Recently, there have been several articles about companies moving to cut back or somehow control email, including an item on NBC News. Organizations are beginning to rebel against email’s constant, increasing presence – and realizing that by itself, email isn’t a solution to most business challenges.
Yes, email is great for communication. But too many organizations also depend on email for collaboration – and email provides no visibility. And many organizations also depend on email for execution – and email provides to tracking, no control, no auditability.
So the real question might be: can today’s government organizations actually improve efficiencies and execution if they cut back on email? We believe the answer is yes.
Email is central to most government organizations’ day to day workflow – and the business tool many of us love to hate. It is all-consuming, constant – and it doesn’t provide the visibility, knowledge capture and control that’s often needed to ensure efficiency. It’s exactly these challenges that new, dynamic BPM tools solve.
Historically, BPM has been used with great success to eliminate inefficiencies, increase visibility, and control highly structured processes where users complete predictable, scripted activities like reviewing, updating and approving work assignments. For example, BPM has been implemented to improve human resources, procurement and contracting, or back office programs.
Today, savvy government professionals are leveraging dynamic BPM to help with unstructured or dynamic activities as well, such as email, where personnel spend much of their time and energy. Unlike structured activities, dynamic activities are constantly changing, depending on what is asked for and who can help. Since these collaborative efforts are unscripted, organizations seldom have visibility into what happens, who is involved and what decision criteria applies.
Analysts agree that roughly 80 percent of all activities are unstructured. Task management, action tracking, organizational projects and planning, correspondence management, mission management, and case management are just a few examples of these dynamic activities, often managed or driven through email.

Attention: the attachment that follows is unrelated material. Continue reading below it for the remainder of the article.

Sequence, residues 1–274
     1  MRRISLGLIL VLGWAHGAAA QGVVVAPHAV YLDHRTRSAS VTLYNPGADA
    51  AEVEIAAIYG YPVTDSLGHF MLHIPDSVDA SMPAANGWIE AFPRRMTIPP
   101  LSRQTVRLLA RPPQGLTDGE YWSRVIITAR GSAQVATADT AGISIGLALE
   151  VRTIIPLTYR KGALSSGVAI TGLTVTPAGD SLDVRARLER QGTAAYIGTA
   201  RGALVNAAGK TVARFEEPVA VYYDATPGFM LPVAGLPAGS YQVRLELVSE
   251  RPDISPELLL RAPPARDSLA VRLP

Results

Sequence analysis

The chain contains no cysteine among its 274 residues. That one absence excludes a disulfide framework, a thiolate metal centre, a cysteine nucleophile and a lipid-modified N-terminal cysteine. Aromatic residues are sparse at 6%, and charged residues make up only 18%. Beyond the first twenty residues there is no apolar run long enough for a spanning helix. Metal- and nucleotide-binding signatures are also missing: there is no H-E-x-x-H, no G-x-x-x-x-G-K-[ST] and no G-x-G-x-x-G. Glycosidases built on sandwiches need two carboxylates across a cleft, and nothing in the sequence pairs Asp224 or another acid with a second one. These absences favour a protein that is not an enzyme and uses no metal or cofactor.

Dynamic BPM tools are designed to focus on an organization’s unstructured, collaborative and – sometimes chaotic – business activities. What’s different about dynamic BPM tools is that they’re capable of dynamically tracking and discovering processes, as they happen, to capture knowledge for repeatable success in the future.
In terms of knowledge management, dynamic BPM tools offer organizations visibility into how high-performing knowledge workers operate, collaborate and make decisions. This information can be compared, studied and help guide best practices in the future. Since some email collaboration occurs even in largely structured processes, these dynamic BPM tools can also be used to continually improve structured operations as well.
The key to success in leveraging dynamic BPM tools – as with any change in technology – is ensuring that management and the end users see the value in adopting this new set of tools to carry out their work. To help ensure success:
• Dynamic BPM tools should mirror the technology that knowledge workers are already comfortable with, which is often email. A successful dynamic BPM initiative must offer a simple, integrated, email-like collaboration technology. Dynamic BPM tools must be able to balance collaboration with structure to prevent over-engineering or forcing structure where it doesn’t exist. To ensure employee engagement, knowledge workers can’t feel trapped within a rigid set of workflows. It must be adaptive to their business requirements and should provide flexibility to intuitively complete complex process work.
• To ensure success, organizations need subject matter experts capable of championing, developing, implementing and evolving showcase caliber processes. We have been pioneering process automation for twenty years and knowledge transfer to our customers has always been a top priority. Organizations considering any BPM solution should demand what we call ‘Trainmentation’, a combination of on the project training, mentoring and implementation, to achieve both smooth knowledge transfer and customer success.
Email doesn’t need to be a bottleneck for your organization; when implemented effectively, dynamic BPM solutions can replace many processes now being done through email, while providing greater visibility, tracking, and accountability. It is a win-win scenario that enables users to take greater ownership over their business processes, while enabling organizations to capture the insights and process knowledge to ensure support of the mission. And it cuts down significantly on the frustrations of email.
Harry Clarke is President and CEO of HandySoft, a leading global provider of Business Process Management (BPM), Tasking and Compliance software and solutions for government and business organizations worldwide.